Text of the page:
It’s almost so obvious when one of these stories comes out. Because you can tell that you can, especially from people who’ve worked in political communications, you can almost like see where the writing is like where it’s coming from, who’s the ones sort of dictating it and pushing that message, but it’s frustrating, I think, progressives because we have a centrist or I would say moderate president in office right now. You have a moderate Democratic leadership in the House and in the Senate. You know, progressives aren’t in any sort of major lever of political power in the country. They’re just some of the loudest most effective communicators. So we hear about them the most. But that I think, is the biggest frustration, is that this administration, the Biden administration, and some of these centrist folks, like, they just don’t know how to communicate in this environment, they don’t know how to communicate their successes, and they don’t know how to communicate the blame for their losses. And in a midterm cycle, attacking your left just does not make sense. I mean, of course, in these tough races, there’s going to be candidates who have to sort of pivot to the middle. But if you need the energy and enthusiasm that’s going to prevent huge midterm atrophy, you need the base of your party mobilized energized, and attacking the left and investing more in police and continuing to enforce Title 42 on immigration, doing these things that constantly piss off your base doesn’t get you anywhere, and definitely won’t earn you the enthusiasm you need to prevent that huge loss in the midterms.

Sawyer Hackett 

On Title 42, for instance, I don’t think Biden’s getting any credit among conservatives, or independents for keeping that in place.

Sawyer Hackett  16:09

It’s his lowest polling issue. Like still to this day, he earns, like 15% approval rating on the issue of immigration.

Julian Castro 

Folks that are moving their vote, according to somebody’s position on that they’re already in the Trump camp, they’re already in the Republican camp, you know, holding on to that is not going to move then at the same time in places like Arizona and Nevada and Georgia. Certainly, in some races, congressional districts here in Texas, he can make a difference in deflating enthusiasm, because people didn’t expect that Biden would keep in place, this Stephen Miller policy. And that’s just one example. I mean, you can go, whether we’re talking about police reform or voting rights or other things. They haven’t hit their marks. And when they missed the mark, they haven’t given a satisfactory answer for why that is, or as you said, been able to pin it successfully. On the other side, and I mean, make no mistake, whether we’re talking about voting rights, immigration, police reform, Republicans are completely part of the problem. I mean, they’re obstructionist. They don’t believe in these things. But you got to be able to point that out effectively. And so far, it seems like the administration hasn’t.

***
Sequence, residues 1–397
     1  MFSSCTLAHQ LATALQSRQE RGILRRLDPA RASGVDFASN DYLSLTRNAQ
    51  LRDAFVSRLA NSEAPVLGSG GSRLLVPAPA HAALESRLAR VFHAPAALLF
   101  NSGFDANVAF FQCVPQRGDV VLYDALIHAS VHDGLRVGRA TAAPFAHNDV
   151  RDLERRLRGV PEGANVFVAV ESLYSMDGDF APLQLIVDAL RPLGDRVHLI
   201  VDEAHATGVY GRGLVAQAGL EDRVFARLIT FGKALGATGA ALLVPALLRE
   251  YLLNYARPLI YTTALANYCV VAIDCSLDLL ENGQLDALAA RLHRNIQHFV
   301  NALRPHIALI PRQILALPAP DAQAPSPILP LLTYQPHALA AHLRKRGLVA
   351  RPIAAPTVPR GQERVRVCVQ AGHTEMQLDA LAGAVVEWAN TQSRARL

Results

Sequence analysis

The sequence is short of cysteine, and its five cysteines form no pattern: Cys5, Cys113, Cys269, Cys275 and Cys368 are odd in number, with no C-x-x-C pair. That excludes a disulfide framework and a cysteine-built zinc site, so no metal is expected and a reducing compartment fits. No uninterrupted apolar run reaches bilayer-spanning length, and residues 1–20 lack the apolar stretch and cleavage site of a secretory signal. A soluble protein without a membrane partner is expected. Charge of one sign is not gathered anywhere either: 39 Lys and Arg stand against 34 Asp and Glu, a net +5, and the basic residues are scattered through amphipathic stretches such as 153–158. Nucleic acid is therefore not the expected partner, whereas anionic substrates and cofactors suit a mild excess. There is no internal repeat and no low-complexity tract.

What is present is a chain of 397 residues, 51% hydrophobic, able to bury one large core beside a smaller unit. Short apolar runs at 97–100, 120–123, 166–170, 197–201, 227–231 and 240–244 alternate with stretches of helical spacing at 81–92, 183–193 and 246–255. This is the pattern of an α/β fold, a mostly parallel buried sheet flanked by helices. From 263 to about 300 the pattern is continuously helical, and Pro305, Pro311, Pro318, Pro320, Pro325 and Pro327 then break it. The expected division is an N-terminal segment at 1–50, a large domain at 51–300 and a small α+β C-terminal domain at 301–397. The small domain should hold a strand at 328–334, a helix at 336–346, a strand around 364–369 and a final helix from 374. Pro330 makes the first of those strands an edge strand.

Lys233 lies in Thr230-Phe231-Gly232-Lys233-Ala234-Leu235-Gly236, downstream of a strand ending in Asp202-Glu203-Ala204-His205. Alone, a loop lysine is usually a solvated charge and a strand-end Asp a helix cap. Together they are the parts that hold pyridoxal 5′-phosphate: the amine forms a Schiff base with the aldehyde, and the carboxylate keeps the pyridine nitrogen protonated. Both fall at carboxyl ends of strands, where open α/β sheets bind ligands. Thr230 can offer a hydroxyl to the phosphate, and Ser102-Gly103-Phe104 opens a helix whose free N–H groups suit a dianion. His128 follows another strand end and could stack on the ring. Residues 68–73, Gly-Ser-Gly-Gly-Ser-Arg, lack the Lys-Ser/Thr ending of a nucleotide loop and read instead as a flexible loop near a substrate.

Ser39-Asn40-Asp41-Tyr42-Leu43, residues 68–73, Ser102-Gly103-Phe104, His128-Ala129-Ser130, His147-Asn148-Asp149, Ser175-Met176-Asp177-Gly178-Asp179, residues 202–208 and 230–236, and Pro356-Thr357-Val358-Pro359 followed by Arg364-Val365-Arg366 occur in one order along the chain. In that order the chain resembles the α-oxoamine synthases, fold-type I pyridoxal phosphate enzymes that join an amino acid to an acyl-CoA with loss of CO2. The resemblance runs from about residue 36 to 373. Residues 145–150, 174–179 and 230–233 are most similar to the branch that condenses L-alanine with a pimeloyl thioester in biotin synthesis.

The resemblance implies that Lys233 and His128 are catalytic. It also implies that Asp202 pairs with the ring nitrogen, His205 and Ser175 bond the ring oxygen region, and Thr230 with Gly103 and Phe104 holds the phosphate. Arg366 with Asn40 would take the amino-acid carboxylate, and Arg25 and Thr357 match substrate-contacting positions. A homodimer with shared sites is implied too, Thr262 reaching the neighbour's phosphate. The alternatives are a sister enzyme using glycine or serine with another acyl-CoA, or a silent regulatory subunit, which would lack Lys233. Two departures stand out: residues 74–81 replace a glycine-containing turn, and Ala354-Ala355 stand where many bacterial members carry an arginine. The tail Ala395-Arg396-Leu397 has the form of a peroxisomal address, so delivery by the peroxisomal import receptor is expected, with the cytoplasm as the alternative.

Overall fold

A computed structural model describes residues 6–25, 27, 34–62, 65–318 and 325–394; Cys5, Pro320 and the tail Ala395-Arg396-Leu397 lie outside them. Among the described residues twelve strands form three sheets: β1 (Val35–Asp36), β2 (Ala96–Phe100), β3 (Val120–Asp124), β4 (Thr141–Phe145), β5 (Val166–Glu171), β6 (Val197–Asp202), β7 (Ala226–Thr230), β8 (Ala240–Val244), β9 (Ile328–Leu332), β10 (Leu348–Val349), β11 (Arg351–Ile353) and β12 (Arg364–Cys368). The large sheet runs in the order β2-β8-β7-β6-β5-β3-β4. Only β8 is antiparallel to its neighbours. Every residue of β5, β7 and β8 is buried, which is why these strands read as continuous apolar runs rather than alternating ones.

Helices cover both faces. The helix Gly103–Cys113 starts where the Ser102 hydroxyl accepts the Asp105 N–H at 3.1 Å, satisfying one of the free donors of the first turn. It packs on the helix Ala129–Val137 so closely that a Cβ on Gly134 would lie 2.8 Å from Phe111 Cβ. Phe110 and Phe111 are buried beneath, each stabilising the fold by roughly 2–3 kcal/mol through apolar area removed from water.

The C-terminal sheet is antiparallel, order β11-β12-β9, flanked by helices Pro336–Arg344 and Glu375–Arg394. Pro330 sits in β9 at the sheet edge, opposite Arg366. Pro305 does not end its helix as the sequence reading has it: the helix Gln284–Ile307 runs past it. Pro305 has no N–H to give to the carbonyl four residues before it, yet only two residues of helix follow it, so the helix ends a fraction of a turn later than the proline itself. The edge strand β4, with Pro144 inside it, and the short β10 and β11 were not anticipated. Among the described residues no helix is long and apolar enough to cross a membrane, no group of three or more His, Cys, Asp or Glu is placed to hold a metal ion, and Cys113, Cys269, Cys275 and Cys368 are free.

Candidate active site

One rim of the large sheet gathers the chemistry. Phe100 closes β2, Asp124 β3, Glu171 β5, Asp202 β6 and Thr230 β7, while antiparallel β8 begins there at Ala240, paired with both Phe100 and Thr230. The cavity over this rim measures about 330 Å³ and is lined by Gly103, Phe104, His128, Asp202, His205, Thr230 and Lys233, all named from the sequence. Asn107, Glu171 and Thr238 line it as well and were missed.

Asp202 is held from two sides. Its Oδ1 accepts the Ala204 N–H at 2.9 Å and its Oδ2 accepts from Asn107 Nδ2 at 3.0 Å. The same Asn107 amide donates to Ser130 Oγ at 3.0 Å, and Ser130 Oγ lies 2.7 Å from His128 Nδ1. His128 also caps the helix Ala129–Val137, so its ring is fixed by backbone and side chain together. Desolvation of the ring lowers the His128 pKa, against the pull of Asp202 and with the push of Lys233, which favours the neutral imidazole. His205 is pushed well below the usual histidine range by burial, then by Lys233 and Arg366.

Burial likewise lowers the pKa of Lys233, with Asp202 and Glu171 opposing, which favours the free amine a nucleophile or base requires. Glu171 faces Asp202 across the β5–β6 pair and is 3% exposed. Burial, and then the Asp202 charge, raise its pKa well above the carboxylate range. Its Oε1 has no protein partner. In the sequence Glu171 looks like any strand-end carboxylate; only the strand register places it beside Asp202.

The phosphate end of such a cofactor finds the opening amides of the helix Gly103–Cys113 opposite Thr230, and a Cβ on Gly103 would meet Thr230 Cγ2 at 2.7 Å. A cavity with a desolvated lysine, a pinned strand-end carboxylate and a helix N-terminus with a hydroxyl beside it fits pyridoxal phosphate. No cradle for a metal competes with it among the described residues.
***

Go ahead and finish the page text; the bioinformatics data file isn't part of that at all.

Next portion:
Sawyer Hackett 

Even things like picking the lowest hanging fruit of Democratic support, like canceling student loan debt, or you know, frankly, Biden’s position on marijuana. It’s absurd that you have an issue that 75% of voters, including an overwhelmingly, an overwhelming amount of Republican voters and independent voters support legalizing marijuana, and yet they’re still pushing back on this issue. I mean, these are just the things that I think he could just pick up a lot of ground on. And, you know, maybe he will maybe there maybe they’re planning some sort of announcement on those two issues, as we head into the midterms to juice up the base a little bit. But these are the lowest hanging fruit that that still have not been picked by this administration. And I hope that changes. But before we go to break, I wanted to quickly get your assessment on how all of this relates to what’s going to happen in Texas next Tuesday. Because you do have that that first primary election, you have a couple of really big congressional races. And of course, the top of the ticket, the Governor, Lieutenant Governor and Attorney General are all up. So what do you think’s gonna happen next Tuesday?

Julian Castro  18:18